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Fastpitch TV



Listening - The Golden Key to Understanding

I wonder what's for dinner...I can't wait to get out of here...What time is it, anyway?...Oh darn, I forgot to call the office.

This is the sort of dialogue that is usually going through our minds when we're supposed to be listening. We pay attention with half an ear, waiting impatiently to make our point, while pretending that we understand. We all do it. The world is much too fast paced to really settle into a receptive position in a conversation and give ourselves completely to the person before us.

There is a difference between conveying and receiving information and understanding the meaning behind it. We're all pretty good at relaying messages and nailing down data that is necessary to carry on various operations. What time does someone have to be picked up? Who has the best price on copiers?

I had a woman in my office earlier this afternoon who bitterly complained that she doesn't have anyone to talk to. She went on to describe how she attempted to speak with her husband about her stressful day last night and began crying when she observed the glazed over look in his half open eyes. "I have no support," she whispered and her body sagged in loneliness.

Ask yourself this: When was the last time you truly felt listened to? I mean, when you felt understood as a human being? It's a remarkable experience. In fact, it is so powerful that it emotionally bonds you to the person who has grasped your meaning.

Something happens in that relationship which puts it into a special category that has to be earned.As coaches, you are teachers. And when you are recruiting, you are sales people.

I will wager that the first concept about teaching or recruiting that leaps to your mind is that you have to be able to articulate effectively - make them understand your point or just how good your school and program are. In other words, you need them to be your listener. And while there is no doubt that this is an important part of the job, the irony is that we will more than likely have better listeners if we practice it ourselves first. Isn't it true that you are more likely to give full attention to someone who has opened herself to you?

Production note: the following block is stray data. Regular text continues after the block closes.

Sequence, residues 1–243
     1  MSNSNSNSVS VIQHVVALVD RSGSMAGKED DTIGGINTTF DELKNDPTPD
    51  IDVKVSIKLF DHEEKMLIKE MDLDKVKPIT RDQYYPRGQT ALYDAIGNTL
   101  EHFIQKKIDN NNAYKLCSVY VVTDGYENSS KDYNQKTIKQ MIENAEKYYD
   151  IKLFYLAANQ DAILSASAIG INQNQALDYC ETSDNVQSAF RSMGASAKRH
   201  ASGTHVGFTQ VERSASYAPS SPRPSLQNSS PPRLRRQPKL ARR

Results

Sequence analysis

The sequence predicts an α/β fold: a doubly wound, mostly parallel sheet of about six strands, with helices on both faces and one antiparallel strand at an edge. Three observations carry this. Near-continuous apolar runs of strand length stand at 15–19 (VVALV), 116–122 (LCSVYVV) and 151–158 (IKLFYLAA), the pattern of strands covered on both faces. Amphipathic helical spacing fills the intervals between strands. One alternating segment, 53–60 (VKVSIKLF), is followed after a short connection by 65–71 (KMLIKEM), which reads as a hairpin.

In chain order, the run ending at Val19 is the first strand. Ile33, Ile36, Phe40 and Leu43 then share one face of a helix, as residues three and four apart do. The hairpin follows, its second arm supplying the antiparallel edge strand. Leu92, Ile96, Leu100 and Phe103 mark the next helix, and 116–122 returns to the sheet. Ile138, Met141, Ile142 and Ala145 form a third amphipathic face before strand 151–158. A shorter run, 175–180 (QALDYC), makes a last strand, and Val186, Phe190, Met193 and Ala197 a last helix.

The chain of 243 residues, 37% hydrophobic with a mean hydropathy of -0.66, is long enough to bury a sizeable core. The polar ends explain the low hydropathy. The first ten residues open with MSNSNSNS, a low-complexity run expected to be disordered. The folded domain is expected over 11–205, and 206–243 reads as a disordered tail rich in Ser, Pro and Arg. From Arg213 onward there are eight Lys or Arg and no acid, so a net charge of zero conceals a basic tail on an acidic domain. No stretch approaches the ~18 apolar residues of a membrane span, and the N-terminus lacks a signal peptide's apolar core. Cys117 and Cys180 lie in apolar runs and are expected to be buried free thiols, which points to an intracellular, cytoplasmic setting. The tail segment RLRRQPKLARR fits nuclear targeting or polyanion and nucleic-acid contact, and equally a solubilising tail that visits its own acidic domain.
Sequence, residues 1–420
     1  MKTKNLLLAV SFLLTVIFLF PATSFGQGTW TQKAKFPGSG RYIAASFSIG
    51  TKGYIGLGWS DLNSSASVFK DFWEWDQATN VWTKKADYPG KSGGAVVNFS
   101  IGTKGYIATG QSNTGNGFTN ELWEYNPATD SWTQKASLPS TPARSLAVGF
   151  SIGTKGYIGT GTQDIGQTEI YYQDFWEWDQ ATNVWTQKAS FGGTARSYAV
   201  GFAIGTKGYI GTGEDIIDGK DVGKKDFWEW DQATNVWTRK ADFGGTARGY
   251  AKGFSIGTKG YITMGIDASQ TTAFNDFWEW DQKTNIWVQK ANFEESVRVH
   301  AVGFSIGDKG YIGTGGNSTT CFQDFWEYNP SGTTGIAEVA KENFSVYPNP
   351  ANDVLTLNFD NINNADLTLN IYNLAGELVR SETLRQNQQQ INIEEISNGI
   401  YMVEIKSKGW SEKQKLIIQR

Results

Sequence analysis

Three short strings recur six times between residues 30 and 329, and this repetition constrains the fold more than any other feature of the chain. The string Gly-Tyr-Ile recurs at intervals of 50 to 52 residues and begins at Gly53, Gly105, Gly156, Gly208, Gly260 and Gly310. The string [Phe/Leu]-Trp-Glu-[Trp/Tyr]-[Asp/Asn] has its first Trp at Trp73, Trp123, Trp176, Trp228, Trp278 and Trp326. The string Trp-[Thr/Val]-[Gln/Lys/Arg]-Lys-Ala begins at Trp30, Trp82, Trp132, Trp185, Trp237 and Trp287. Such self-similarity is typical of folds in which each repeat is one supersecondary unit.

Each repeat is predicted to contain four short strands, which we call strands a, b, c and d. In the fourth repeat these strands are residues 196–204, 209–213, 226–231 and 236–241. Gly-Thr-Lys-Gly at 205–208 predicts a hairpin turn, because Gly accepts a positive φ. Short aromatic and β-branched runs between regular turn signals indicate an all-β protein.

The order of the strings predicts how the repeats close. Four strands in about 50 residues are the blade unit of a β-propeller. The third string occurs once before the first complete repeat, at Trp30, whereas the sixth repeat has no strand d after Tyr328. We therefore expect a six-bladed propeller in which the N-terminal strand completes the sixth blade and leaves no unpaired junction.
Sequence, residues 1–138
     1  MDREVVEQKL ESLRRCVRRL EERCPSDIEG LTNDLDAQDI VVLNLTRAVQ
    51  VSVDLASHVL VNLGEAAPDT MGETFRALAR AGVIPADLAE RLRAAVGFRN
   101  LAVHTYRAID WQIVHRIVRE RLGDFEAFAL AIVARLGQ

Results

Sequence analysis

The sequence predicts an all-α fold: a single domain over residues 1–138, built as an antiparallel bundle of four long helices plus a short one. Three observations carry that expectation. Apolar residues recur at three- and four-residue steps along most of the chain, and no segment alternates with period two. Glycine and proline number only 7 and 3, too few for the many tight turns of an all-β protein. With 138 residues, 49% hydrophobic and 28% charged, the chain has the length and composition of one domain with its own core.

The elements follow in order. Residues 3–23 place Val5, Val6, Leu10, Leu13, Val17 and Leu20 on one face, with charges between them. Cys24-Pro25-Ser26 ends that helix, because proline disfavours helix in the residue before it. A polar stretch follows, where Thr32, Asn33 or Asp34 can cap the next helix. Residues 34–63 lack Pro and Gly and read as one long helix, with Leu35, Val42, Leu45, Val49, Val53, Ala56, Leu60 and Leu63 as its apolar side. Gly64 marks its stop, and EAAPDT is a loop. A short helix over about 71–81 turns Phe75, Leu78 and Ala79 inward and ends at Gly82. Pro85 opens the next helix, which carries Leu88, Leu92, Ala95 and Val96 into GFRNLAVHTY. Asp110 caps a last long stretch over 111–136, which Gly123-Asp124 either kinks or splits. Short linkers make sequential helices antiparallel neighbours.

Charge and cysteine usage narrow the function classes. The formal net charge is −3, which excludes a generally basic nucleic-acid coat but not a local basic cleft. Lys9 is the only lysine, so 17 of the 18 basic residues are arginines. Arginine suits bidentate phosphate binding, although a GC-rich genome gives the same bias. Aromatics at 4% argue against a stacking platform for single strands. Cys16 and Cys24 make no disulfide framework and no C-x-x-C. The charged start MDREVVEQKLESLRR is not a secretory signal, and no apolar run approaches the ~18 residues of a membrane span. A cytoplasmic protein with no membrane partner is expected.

Okay, I made my point. Now let me see if I can help you out a little bit. Listening is not easy because it takes a lot of energy and requires you to control your thought processes. Technique helps. And I'm not talking about anything tricky or manipulative - I'm talking about using a skill - like good extension on a swing.

Try mirroring. Pretend that you are a mirror for the person speaking to you and instead of thinking about what you're going to say next, concentrate on reflecting back to her what she just said. For example, "I know I'm late to practice, but I have a big exam tomorrow and I don't really understand the subject and I rushed over here as fast as I could. I'm sorry!"

What is the meaning behind this communication? You could say, "Okay, get out there and shag some flies." Your player would undoubtedly be relieved. But what if you took it to the next level and said something like, "You're really feeling a lot of pressure to be two places at once and it sounds like you're scared of flunking your exam?" As a response, you might get tears as the pressure released. But one thing is for sure, something very positive would take place between you and your player because she would feel understood.

Think about recruiting. If kids don't feel emotionally bonded to you, they will most likely go somewhere else. Is the initial goal in recruiting to overwhelm them with information so they get all excited about what you have to offer? Or is the intial goal to start working on your relationship to this young lady? Mirroring puts people at ease, gets the conversation off to a good start and allows emotional bonding to occur even when people are from diverse backgrounds.

In my "Recruit to Win" seminars, I suggest to coaches that the first question they ask on that first phone call is one which allows a mirroring response. "How is your year going?" won't do it. When they say OKAY, you have nothing to work with. On the other hand, "What are you looking for in your college experience?" ought to yield all sorts of good stuff.
She might say, "Well, first of all, I want a good education. Then I want to be part of a winning team and have an opportunity to play early. And I'd like to be close enough to home so my parents can see me play." Many coaches would jump all over that and start selling right away. But is the prospect ready to listen? Probably not. She just got the same song and dance three times in the last two hours.
Instead, try something like, "So what you're looking for is a place where you can get the best of all worlds - the thrill of playing on a winning team, a degree from a top notch institution and the satisfaction of your family cheering you on." Now when you start to sell, she'll be more inclined to listen because she'll feel you have her best interests at heart. Why? Because she feels understood.

I call listening "the golden key to understanding" because it opens the doors of peoples' emotions to you. Mirroring is a skill which allows you to open the door very quickly. It's simple. Try it once. Good things will happen!

(Tom Dunlap presents "Recruit to Win" workshops for coaches at all divisions of intercollegiate athletics. He has been a guest speaker in the past year at both the National Fastpitch Coaches Association and Women's Basketball Coaches Association conventions. In addition, he maintains a pastoral counseling and mediation practice from his Cincinnati home. He can be reached at 513/771-5017).